Eager to show benefits from his policies, President Joe Biden is overstating the number of electric vehicle charging stations that would be built with his infrastructure law and claiming a speedy shift to electric in the federal fleet that isn’t so.
Biden says he is fulfilling campaign promises but does not acknowledge that several of his claims rely on passage of a $2 trillion climate and social safety net plan stalled in Congress.
His initiatives will take more than a decade to accomplish if they are completed at all.
Meanwhile, Rep. Marjorie Taylor Greene, R-Ga., employed a false premise in assailing Biden’s plans for EV charging stations along highways as a “government forced” Green New Deal. States don’t have to accept the federal grants offered for the charging stations, and top automakers were already taking steps toward producing electric cars before Biden acted.
A look at claims on electric vehicles and jobs overall:
BIDEN, referring to his December order to make the federal fleet all electric by 2035: “We have 600,000 federal vehicles that we — the federal government owns. They’re going to all end up being electric vehicles.” — Feb. 8 remarks.
THE FACTS: Not so fast.
The US Postal Service, whose 230,000 vehicles make up over a third of the federal fleet, has only committed to making 10% of its electric vehicles, citing cost.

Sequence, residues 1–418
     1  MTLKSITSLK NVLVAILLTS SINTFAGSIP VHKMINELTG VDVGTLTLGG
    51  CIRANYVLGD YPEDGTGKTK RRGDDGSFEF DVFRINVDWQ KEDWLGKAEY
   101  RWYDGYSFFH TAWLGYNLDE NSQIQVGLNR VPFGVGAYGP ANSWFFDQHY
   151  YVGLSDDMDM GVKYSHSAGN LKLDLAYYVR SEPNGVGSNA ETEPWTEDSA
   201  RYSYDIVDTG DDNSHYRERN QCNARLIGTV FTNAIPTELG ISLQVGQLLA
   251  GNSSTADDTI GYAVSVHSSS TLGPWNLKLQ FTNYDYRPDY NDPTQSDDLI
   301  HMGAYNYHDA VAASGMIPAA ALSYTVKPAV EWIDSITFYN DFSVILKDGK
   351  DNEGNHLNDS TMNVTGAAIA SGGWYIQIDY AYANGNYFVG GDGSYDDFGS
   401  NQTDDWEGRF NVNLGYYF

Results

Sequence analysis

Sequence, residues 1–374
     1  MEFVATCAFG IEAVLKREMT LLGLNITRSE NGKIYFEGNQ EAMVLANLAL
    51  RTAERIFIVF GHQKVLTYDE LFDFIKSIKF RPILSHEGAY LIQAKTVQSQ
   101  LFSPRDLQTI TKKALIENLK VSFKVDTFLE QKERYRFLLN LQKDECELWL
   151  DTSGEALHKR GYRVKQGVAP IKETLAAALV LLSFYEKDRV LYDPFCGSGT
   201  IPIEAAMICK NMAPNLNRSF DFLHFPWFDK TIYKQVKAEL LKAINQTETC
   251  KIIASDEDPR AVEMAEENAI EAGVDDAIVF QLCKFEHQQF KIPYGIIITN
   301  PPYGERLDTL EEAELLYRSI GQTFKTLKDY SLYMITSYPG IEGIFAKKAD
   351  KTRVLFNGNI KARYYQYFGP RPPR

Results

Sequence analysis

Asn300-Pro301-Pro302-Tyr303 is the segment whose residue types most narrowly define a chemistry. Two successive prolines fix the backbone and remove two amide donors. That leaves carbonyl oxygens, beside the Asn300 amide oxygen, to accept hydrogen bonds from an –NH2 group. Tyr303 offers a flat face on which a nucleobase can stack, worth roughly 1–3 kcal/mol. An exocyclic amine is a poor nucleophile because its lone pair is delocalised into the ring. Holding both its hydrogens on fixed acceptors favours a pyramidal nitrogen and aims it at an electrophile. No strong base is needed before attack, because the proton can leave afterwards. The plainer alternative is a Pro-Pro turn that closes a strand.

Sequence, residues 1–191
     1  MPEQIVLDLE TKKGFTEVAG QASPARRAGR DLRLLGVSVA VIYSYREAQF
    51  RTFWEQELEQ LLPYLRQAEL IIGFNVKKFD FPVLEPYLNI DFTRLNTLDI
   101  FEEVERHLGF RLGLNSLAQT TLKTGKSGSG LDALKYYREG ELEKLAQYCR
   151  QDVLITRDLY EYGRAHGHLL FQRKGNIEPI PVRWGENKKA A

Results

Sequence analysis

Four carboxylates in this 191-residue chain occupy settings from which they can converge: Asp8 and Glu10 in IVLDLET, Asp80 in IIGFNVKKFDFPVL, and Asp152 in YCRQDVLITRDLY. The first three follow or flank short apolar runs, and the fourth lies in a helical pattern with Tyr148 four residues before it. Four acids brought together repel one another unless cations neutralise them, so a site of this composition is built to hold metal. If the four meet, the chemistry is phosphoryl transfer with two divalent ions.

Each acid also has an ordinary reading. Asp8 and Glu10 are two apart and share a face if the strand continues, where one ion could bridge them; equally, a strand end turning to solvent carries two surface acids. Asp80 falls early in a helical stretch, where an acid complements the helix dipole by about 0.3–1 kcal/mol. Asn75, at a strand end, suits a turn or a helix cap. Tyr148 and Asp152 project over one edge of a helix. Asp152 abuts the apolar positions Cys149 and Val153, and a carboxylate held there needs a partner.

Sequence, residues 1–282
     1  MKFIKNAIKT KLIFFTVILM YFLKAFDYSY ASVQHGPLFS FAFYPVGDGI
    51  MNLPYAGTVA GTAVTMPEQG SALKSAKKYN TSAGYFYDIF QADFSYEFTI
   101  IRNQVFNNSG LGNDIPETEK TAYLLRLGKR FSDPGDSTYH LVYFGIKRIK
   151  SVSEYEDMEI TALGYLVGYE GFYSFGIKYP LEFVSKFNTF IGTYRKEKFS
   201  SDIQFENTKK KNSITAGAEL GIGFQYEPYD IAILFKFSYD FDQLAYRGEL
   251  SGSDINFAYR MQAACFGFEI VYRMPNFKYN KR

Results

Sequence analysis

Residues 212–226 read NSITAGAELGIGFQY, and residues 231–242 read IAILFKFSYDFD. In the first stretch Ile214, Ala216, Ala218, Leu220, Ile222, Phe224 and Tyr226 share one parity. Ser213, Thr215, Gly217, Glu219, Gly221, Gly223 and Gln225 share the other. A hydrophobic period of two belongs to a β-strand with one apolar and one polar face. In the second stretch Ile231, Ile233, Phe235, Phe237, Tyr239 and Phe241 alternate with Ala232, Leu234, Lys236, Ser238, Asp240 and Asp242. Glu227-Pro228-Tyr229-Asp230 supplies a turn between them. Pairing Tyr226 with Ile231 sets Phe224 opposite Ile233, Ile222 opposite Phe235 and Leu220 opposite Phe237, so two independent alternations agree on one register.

It has already moved to award Oshkosh Defense $482 million as an initial investment to assemble 50,000 to 165,000 Next Generation Delivery Vehicles. The new vehicle is greener than current models, which date to the 1990s, but most still will be powered by gasoline.
Because the average age of a postal vehicle is 30 years, new vehicles purchased now aren’t likely to be replaced again until well past 2035.
Postmaster General Louis DeJoy, a political ally of former President Donald Trump, oversaw the agency’s decision to award the truck contract.
The Postal Service said full electrification of its fleet would cost an additional $3.3 billion over the current plan. Money to help pay for a 100% electric fleet is included in Biden’s sweeping Build Back Better plan, but the proposal is stalled in Congress because of objections by Republicans and Democratic Sen. Joe Manchin of West Virginia.